Question? If one does not make a selection for a question and thus leaves it unanswered, once they get to the end of the exam does the system flag that question as being skipped or unanswered and therefore allow the individual to go back and answer that question? If that would be the case then said individual should just leave questions for which they unsure of unanswered and then use the available time left to go back and revisit those questions.

Again, Congratulations on your success and may continued success follow you along your chosen path(s).

Newcomer I

I am one of the first people to get the CISSP!! I got it in 1991 by Grandfathering. Needless to say, I was very glad to get it!!!!!!

The program got started around 1990 with a process for very experienced people to Grandfather their CISSP. We had to submit information on our IA experience with names of people that would verify our 8 years of IA experience. As part of that process, we had to “test the test” at our expense without having to pass it. I was lucky enough to have a work related trip near to San Jose California for a Test the Test. So my only expense was the extra days at a hotel.

In the mid 1990s, I became one of the first volunteer test administrators. We got to travel all over the USA and to some foreign countries.

Here are a few fun things that happened. I always had someone working on the test for 5 hours and 59 minutes. A few people finished the test in 90 minutes!!! I had one person taking the test for try number 6. When we traveled, some of the mangers would put the test books in their checked luggage. One person had a test in Iceland and the airline didn’t take their bag off the plane. The bag was “delivered” to Germany! So the folk at the ISC2 building faxed a test to his hotel where he had copies made at a copy center!! To avoid that worry, I always put all the test material in my carry on bag and my clothes in the checked bag. Once, I had a test with over 200 candidates. One test was at a hotel where their meeting rooms had a moveable wall between them so the rooms could be large enough for a big meeting or small enough for several meetings in that area at the same time. The ISC2 folk told the hotel manger that there could not be any activity in the adjacent rooms during out test. Well, just after I started the test there was a big party in the adjacent room with a very loud band!! Needless to say, there was a lot of anger!!! We always got the address for the test location and I would always drive to that location to make sure I could find it the next day. Once, they gave me a street address with Seattle for the town that was a small house. They didn’t notice that the test was to be in a town that was an adjacent suburb. Happily, I had a phone number for the company sponsoring the test. Once, I had a test on Friday in one town and a test the next Sunday in another town. I didn’t notice until Friday night that the town on the airline ticket was for a town with the same name but in a different state!!! Needless to say, I was very happy when the airline was able to change my ticket.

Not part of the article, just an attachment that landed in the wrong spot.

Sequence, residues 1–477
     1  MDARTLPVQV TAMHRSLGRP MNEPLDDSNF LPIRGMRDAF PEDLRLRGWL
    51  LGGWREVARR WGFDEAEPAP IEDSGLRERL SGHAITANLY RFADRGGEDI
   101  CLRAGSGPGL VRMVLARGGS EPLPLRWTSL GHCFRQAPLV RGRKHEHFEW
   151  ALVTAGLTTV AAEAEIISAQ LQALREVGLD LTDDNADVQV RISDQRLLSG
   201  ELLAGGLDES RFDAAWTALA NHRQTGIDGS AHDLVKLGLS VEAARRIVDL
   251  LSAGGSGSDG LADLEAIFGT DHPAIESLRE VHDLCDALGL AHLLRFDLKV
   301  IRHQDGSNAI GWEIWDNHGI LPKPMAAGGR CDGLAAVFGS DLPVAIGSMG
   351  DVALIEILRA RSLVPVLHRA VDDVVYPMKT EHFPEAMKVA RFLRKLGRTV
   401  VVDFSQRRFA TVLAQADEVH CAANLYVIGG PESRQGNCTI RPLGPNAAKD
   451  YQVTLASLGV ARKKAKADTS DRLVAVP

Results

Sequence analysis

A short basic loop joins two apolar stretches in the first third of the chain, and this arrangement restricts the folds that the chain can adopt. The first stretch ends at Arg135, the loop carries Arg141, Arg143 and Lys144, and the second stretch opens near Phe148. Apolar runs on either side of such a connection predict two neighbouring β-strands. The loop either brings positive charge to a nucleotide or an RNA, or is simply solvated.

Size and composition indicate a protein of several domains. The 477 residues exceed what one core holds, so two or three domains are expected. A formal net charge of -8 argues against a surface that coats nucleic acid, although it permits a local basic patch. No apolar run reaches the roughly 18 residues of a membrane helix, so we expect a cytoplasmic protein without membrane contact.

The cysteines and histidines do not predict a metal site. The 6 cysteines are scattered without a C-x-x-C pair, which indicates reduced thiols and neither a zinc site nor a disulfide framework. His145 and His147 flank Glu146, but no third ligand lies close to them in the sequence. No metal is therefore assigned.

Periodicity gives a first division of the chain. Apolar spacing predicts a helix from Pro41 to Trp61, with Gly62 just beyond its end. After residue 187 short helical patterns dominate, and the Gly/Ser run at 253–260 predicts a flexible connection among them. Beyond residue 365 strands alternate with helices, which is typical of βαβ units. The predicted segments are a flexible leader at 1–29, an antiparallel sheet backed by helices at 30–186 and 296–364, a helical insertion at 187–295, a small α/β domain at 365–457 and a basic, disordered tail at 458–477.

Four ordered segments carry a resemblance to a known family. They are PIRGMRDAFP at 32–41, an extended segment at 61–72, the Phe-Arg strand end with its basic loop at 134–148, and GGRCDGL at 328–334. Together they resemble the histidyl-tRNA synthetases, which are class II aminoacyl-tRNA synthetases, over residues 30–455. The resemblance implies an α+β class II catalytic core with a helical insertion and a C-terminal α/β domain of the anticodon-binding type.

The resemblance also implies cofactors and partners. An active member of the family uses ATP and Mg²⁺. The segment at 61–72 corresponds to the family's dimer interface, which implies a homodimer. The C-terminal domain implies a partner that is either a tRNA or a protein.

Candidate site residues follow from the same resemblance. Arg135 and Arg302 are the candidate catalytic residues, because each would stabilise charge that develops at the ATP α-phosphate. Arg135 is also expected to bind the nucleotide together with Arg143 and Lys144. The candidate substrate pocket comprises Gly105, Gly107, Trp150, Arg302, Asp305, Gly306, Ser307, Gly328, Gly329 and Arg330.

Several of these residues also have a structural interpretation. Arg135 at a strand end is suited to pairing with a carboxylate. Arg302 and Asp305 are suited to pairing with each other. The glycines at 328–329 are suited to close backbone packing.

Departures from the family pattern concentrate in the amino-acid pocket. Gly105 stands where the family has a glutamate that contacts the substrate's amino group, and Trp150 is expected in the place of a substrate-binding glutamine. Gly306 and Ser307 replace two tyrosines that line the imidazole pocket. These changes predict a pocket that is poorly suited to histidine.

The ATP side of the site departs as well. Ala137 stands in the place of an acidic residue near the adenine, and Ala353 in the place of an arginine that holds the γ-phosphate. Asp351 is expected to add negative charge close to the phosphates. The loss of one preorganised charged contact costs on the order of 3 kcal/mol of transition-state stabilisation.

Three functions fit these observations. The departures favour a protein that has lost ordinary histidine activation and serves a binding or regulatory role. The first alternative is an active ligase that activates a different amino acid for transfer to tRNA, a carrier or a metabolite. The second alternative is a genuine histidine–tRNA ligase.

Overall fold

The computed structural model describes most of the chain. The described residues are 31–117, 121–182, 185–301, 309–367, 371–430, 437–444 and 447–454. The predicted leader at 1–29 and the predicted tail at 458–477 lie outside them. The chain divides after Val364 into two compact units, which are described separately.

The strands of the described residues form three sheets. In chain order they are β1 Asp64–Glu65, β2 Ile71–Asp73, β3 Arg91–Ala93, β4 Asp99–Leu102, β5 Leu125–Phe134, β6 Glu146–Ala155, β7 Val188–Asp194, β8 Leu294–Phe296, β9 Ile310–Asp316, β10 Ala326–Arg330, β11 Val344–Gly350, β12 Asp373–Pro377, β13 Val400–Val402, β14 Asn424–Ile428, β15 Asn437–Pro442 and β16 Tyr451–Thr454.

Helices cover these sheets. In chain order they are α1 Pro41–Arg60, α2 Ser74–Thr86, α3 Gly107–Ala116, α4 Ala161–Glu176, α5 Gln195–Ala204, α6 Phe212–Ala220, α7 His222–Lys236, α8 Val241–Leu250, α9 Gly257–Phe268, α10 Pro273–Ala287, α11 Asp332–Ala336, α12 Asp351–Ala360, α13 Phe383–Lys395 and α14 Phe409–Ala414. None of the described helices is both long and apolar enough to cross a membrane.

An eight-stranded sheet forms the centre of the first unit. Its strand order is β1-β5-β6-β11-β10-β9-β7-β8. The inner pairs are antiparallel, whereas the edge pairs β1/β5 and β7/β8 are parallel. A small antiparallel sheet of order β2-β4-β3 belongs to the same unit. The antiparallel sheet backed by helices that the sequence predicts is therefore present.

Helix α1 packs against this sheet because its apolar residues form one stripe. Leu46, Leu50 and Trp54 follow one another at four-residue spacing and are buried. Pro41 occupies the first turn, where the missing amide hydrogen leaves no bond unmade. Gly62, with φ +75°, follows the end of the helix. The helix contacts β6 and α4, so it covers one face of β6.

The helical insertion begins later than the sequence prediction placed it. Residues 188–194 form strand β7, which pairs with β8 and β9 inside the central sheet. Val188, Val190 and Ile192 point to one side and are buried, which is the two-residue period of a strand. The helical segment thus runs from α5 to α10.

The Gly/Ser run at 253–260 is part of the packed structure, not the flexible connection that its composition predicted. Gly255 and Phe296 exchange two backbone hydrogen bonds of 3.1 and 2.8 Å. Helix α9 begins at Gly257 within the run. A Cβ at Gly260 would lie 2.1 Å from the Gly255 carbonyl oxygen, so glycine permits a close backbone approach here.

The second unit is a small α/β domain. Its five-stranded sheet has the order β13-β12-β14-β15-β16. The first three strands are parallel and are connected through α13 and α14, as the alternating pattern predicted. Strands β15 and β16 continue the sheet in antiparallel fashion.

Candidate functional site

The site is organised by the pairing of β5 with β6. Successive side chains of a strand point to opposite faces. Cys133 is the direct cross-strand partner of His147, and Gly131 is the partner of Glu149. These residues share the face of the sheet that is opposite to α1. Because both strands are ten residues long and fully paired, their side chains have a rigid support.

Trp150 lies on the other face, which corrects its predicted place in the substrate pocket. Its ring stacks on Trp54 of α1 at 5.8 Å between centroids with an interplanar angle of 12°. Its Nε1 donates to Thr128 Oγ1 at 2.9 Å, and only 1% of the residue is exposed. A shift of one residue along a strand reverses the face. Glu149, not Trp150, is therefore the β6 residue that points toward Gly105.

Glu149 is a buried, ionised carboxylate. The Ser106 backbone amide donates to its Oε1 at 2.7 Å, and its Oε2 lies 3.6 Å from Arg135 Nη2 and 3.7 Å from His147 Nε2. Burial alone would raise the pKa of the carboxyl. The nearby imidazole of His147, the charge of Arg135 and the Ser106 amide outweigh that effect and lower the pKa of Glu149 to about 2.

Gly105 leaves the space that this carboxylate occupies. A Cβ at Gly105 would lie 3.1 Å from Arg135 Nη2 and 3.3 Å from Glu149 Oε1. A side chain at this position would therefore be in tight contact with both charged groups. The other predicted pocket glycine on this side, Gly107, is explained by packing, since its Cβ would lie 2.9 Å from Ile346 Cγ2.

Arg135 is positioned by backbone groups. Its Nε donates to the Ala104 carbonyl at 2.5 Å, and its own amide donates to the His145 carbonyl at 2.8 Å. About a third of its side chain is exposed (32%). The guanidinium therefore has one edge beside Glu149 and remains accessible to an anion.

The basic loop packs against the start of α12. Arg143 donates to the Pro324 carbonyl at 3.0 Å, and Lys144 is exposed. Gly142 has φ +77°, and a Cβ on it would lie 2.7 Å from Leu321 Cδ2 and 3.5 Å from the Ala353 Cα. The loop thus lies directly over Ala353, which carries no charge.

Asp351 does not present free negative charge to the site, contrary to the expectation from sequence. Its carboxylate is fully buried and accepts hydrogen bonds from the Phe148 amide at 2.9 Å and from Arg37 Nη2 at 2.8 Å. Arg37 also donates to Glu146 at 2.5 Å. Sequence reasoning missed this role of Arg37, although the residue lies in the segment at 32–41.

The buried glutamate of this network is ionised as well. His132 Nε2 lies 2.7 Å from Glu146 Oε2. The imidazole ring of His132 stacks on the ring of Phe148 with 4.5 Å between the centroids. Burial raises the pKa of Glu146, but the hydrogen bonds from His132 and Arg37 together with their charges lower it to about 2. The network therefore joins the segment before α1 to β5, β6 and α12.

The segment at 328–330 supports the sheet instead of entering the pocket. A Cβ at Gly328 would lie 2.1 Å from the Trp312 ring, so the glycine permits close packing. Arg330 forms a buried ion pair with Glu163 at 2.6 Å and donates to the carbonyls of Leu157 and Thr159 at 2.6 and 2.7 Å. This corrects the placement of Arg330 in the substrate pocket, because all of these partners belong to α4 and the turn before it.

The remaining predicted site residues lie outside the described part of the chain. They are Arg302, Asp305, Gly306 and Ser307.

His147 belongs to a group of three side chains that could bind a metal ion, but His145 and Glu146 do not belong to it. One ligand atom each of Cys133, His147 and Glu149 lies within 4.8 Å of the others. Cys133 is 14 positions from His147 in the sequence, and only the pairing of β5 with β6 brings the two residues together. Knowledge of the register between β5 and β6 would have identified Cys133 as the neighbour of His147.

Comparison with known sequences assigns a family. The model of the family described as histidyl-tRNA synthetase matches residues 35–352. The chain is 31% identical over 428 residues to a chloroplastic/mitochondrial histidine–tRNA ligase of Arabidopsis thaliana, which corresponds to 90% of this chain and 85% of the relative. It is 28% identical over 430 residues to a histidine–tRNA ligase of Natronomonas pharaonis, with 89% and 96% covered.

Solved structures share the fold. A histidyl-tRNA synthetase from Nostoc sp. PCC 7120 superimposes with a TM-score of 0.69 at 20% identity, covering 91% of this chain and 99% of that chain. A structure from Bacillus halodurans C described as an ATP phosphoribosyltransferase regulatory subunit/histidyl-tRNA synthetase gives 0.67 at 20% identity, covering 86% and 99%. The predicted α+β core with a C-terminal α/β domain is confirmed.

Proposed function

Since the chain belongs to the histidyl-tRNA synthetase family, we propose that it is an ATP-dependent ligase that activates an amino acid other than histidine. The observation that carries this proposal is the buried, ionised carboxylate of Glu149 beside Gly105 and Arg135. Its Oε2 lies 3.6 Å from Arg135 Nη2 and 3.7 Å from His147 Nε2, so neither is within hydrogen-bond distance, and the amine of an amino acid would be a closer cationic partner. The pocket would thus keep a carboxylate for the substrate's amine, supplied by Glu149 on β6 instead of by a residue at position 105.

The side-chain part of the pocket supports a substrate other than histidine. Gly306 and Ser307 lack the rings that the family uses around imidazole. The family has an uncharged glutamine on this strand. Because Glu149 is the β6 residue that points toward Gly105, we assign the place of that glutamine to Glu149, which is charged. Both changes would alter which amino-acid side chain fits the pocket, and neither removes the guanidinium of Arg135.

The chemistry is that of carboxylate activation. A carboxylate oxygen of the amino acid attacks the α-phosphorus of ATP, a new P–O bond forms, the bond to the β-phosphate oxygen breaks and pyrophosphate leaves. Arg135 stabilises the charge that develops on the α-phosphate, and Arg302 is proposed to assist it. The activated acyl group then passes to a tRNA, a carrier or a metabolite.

Viewer III

Thanks for sharing the information. To add on to your practice exam topic, I think that it is still a good idea to take as many practice exams given that they are within a year from your test date AND be sure that you fully understand why the answer is the correct answer. Also, take the time to study it. It is not the type of exam that you can study in a short period of time. Study to understand and not to just merely memorize is the key. Best, Nha
Newcomer III